The new, largely unarticulated high oil price strategy should be viewed in the context of Saudi promises to invest billions in the development of the Russian energy industry, and suggestions of an emerging Russo-Saudi oil alliance. Last December, the Russian government announced that its policy for production is to stay under 9.0mmbd for the next five years. Five years is also the term of the oil and gas co-operation agreement signed with Saudi Arabia on September 2, 2003, at the end of the state visit by Crown Prince Abdullah.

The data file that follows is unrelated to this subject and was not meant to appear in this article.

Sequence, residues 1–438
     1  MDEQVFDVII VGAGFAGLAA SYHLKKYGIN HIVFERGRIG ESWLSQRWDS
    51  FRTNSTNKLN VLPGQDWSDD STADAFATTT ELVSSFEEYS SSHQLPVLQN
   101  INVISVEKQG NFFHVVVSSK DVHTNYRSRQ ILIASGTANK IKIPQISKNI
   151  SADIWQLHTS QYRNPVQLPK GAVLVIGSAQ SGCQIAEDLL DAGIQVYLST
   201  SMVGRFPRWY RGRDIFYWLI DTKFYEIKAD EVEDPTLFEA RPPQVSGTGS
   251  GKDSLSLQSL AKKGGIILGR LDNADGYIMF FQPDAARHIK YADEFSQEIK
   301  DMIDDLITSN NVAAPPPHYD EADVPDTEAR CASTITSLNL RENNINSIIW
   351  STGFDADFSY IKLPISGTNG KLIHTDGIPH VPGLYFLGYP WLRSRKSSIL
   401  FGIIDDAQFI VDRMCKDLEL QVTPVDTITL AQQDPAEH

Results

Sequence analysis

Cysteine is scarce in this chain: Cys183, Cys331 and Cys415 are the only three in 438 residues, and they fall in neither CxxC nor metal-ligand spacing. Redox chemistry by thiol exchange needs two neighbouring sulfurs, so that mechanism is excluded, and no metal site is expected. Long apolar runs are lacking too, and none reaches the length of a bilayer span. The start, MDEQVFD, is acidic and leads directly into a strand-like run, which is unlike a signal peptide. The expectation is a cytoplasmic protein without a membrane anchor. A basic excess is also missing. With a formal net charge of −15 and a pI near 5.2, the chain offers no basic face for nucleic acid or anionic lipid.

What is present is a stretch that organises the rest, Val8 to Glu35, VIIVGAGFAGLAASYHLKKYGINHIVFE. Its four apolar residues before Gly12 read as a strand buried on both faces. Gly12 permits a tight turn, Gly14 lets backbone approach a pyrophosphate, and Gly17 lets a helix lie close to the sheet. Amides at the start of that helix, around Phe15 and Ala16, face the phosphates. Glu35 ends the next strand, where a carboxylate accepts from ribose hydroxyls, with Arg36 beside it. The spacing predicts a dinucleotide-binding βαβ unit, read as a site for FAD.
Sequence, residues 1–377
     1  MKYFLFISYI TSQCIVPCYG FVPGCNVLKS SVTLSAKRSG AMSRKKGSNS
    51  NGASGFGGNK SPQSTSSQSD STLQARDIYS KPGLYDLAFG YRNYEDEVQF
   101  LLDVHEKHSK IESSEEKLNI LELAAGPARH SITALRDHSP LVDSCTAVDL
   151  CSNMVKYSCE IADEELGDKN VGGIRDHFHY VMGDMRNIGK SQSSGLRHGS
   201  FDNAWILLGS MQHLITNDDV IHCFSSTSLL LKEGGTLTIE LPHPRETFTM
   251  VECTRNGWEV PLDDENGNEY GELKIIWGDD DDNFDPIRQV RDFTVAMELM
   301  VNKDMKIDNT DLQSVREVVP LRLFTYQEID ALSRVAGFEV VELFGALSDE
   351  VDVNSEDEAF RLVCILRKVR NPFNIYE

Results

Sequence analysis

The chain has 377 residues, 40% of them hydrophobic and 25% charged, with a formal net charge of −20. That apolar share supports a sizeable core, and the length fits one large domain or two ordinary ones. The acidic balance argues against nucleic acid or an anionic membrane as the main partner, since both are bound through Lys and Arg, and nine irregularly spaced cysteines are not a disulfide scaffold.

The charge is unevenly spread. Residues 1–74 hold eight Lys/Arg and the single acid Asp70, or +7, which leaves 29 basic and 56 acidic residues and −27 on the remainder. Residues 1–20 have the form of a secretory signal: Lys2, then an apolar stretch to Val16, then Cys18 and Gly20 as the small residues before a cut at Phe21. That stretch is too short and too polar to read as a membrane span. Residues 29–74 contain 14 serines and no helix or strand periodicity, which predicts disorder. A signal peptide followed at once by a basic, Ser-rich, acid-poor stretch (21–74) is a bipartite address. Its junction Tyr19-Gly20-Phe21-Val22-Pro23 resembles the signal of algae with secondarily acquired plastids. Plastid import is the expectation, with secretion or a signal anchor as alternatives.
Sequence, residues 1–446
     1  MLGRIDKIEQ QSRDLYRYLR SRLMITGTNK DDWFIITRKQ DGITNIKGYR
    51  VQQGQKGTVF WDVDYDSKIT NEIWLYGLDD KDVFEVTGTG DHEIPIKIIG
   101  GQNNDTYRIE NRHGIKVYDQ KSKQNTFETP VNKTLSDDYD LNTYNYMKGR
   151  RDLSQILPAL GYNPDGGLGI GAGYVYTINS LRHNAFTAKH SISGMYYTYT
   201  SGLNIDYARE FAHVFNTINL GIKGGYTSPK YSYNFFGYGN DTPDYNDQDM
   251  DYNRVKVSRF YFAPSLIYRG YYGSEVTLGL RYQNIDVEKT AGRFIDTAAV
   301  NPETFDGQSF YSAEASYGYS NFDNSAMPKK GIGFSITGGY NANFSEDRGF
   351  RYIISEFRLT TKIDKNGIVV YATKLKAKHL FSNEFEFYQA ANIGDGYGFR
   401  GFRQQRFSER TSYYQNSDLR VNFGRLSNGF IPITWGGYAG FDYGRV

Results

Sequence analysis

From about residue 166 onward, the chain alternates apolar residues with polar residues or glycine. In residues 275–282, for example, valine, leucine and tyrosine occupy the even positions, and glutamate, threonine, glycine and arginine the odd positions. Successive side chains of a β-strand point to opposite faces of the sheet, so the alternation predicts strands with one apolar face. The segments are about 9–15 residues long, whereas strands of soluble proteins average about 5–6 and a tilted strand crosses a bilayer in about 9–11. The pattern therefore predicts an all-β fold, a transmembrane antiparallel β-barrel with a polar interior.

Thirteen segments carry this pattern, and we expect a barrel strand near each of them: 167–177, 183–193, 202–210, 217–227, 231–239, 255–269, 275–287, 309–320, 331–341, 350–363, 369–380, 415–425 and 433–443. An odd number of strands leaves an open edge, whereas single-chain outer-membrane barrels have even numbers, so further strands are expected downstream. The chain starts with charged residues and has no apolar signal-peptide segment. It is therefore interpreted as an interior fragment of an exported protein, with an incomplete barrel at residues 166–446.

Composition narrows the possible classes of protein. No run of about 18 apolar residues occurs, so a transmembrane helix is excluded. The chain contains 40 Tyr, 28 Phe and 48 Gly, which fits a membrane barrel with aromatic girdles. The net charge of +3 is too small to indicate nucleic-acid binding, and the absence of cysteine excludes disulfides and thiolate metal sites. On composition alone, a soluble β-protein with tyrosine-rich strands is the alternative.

The significance of this alliance for the oil market lies in the fact that, in 1998, the value of Russian oil exports was a mere $16bn. In 2003, their value was over $63bn — second only to the $80bn worth of exports by Saudi Arabia. This increasing cohesion of Russian and Saudi energy policies is occurring against a backdrop in which the oil supply/demand balance is tighter than usual and long-term depletion rates are much higher than is generally recognized. Although Saudi Aramco (the state oil company) has historically done what is required to offset declines in existing oil fields and maintain an estimated capacity of approximately 10mmbd through new projects, the higher production required to generate a sharp fall in oil prices cannot be achieved without more personnel and investment, according to both GLL and Houston-based oil analyst Matt Simmons of Simmons & Co, who has recently undertaken an extensive study of the Saudi oil fields.